PathoChip: Detects Pathogens For Those At High Risk For Infection
Early detection and identification of infection is vital to the effective treatment of patients suffering with compromised immune systems and in some instances, can make the difference between life and death. No one person has the same system as another but for all of us, our immune systems are the complex and important weapons we rely on in the battle against infections, germs and cancer. Comprised of a myriad of interdependent cell types that protect the body from many types of infections, most of these diverse cells have specialized functions which kill parasites, tumors or virus-infected cells.
The development of the PathoChip
According to its creators, PathoChip can test human tissue for the possible presence of thousands of pathogens including all known viruses, many types of bacteria, fungi, parasitic worms and protozoa. It does this via a special technology that contains 60,000 probes working simultaneously. The study concerning the development of the PathoChip was published in the journal, Cancer, Biology and Therapy.
The leader of the study was Erle Robertson, PhD, professor and vice chair of Otorrhinolaryngology at the University of Pennsylvania Perelman School of Medicine. His colleagues included: James Alwine, PhD, a professor of Cancer biology and Michael Feldman, MD, a professor of Pathology and Laboratory Medicine.
There are certain pathogens that up to now doctors have not been able to identify and PathoChip has come to the rescue. One such pathogen is a rare fungus known as Rhizomucor, which causes an infection in humans (zygomycosis) that is very difficult to treat. In this and other similar cases, diagnosis is extremely challenging because such fungal species can require a very long time to culture in a lab environment if they can be cultured at all. In the controlled study, PathoChip was able to identify a species of Rhizomucor as the cause of an infection in little over 24 hours time.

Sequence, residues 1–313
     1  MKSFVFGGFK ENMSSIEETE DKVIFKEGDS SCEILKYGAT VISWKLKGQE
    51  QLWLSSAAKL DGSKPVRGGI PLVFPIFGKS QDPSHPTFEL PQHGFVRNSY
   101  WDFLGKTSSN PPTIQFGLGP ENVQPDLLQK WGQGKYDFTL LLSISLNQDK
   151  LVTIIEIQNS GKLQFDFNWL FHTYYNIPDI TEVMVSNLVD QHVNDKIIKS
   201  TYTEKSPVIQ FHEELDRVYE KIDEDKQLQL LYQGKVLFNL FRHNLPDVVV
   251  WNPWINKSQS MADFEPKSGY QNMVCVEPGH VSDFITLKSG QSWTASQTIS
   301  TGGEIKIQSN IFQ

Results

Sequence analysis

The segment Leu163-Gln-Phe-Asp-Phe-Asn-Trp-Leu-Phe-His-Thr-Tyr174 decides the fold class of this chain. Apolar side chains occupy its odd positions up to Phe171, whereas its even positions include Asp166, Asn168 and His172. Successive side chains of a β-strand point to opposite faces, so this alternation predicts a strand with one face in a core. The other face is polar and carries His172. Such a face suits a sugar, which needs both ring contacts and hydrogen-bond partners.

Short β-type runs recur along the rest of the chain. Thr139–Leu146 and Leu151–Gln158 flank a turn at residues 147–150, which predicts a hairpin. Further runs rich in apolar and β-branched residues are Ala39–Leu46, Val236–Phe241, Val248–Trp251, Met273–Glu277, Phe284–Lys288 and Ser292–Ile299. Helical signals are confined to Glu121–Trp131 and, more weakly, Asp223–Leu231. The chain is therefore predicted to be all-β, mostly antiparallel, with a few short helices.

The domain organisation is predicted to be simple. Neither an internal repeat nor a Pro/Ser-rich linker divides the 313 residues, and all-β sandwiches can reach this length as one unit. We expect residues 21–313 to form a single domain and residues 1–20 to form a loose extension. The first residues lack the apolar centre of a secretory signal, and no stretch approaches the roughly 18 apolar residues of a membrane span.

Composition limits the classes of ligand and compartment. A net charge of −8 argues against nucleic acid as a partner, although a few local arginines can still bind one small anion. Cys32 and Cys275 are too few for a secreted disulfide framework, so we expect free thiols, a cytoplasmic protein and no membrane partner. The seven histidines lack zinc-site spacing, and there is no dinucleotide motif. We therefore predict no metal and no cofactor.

According to Erle Robertson: "We've run many tests to see if we could identify pathogens in the lab, just to see if the PathChip has efficacy in identifying a variety of organisms, and we were able to identify all infectious agents tested...This report highlights the value of PathoChip as a diagnostic tool to identify microorganisms to the species level, especially for those difficult to identify in most clinical laboratories."
Although there are other acceptable technologies capable of identifying unknown pathogens, such as next generation sequencing, they have major limitations. These include the need for the presence of a high level of nucleic acids in order to identify unknown pathogens and much time to analyze the specific tissue.
According once again to Robertson, "We think the PathoChip is complementary to next generation sequencing in some ways, and even more finely tuned, because we have a much higher sensitivity in detecting agents or individual organisims present in any kind of sample, whether it's abiotic or biotic. We can identify agents in soil, plant tissue,animal or human tissue."
The future of the PathoChip
The PathoChip holds much promise for clinical use but according to its creators still needs more studies before treatment strategies can be effectively planned. Still, the PathoChip is a major step in the right direction and worthy of admiration.
Can you think of of ways humans can fortify their immune systems?
Closing thoughts on innovation:
Changes call for innovation, and innovation leads to progress. ~ Li Keqian